The difference in the eventual costs between these two options is illustrated in the graph below. In a use case scenario involving a 300kW system utilised for 2000 hours a year, the cost savings become evident in the first year.

Cost comparison
However, if the same system is run for only 500 hours a year, the savings only begin to accrue from the third year onwards.
cost comparison
This suggests that wood pellet boiler systems offer significant cost savings over the long term, primarily when they are being used infrequently.

Installation Process

Typically, installing a wood pellet boiler is simpler than installing wood chip or industrial wood waste systems. Due to the regular shape of pellets and the specific limits on dust, a smooth flow is ensured without the risk of bridging and blocking conveying systems. The lack of dust in the fuel means that ATEX standards do not apply, making the process of conveying the fuel “safer”.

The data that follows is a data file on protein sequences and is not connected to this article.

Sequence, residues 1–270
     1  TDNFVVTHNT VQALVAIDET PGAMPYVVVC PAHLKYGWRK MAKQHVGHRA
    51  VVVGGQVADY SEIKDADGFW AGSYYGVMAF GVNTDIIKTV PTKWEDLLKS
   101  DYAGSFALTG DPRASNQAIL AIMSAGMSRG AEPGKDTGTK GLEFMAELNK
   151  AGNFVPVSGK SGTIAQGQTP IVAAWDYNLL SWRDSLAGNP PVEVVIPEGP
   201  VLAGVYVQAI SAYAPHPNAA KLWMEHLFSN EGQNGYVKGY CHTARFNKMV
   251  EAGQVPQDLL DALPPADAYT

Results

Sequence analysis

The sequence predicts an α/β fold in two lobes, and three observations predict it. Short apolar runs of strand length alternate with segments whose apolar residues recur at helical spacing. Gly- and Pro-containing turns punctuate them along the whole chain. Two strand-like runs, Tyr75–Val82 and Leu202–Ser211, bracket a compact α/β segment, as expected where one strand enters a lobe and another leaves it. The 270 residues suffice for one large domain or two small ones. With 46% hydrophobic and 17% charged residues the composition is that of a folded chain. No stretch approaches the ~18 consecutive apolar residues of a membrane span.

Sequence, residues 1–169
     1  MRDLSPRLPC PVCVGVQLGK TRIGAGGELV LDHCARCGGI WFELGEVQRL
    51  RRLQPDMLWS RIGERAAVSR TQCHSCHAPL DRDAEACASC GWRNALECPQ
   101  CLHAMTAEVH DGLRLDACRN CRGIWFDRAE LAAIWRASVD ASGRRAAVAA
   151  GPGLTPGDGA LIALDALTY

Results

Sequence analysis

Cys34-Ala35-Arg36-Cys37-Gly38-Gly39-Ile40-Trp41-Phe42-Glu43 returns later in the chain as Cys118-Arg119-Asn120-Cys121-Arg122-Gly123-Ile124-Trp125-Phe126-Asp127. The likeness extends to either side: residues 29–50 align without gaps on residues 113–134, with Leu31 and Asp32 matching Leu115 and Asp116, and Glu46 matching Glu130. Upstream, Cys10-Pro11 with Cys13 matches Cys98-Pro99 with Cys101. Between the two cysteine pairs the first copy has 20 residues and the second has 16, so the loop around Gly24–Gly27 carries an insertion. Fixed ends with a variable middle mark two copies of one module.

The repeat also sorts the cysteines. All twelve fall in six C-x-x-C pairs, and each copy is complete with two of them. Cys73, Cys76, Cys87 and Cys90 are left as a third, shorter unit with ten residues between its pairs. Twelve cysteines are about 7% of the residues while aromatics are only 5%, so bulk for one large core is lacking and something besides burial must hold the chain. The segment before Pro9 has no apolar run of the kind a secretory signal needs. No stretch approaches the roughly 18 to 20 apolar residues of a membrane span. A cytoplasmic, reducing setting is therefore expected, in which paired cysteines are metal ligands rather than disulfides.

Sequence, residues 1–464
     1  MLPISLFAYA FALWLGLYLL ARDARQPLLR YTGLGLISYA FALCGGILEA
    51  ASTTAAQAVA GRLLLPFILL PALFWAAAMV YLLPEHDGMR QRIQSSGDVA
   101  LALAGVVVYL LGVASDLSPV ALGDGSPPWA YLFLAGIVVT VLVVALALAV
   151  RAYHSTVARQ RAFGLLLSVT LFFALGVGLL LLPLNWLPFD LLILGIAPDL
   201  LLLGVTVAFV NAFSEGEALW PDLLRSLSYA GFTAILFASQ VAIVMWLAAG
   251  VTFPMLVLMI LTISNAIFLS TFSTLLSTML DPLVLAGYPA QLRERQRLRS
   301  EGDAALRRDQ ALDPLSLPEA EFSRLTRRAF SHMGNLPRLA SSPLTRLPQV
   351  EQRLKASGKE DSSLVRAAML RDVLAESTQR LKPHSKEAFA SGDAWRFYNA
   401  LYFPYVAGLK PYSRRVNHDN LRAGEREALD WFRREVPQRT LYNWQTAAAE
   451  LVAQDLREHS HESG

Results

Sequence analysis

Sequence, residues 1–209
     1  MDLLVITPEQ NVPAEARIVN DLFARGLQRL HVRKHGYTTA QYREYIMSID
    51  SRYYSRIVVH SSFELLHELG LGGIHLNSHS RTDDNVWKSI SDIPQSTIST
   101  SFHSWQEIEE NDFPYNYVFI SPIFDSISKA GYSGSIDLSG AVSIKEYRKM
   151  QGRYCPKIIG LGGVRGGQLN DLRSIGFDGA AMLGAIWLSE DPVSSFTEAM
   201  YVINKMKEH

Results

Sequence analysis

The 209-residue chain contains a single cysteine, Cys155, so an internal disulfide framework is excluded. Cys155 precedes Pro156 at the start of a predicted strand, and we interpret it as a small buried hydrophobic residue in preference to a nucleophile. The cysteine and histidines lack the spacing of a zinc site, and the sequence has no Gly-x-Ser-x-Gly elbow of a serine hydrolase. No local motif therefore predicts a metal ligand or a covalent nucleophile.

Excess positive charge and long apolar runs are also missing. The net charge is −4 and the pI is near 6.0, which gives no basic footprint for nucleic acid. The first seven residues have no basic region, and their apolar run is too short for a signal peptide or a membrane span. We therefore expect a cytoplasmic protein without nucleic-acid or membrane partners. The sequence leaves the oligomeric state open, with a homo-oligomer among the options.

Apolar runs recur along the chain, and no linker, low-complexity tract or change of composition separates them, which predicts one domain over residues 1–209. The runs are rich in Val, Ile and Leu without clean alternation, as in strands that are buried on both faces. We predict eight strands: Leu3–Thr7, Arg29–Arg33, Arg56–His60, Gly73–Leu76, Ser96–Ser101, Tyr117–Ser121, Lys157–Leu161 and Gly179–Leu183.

While the aim is to enhance safety, it is important to note that the system can become highly dangerous if substandard dusty pellets are used. Incorrect installation, especially in pneumatic conveying systems, can lead to a mechanical impact on the pellets, transforming what were once safe pellets into explosive dust.

Important Features

Wood pellet boiler systems feature uncomplicated fire chambers and straightforward combustion controllers as they don’t need to adjust for fuel variations given the consistent nature of the pellets. The uniform particle size of the fuel ensures a predictable maintenance of fuel surface area to air volume ratios, allowing for a more compact design. Furthermore, the high ash deformation temperature and lower ash percentage in pellets make ash conveying and clinker production highly predictable, requiring only basic mechanisms and allowances. The consistent nature of pellet fuel also makes automatic ignition particularly effective.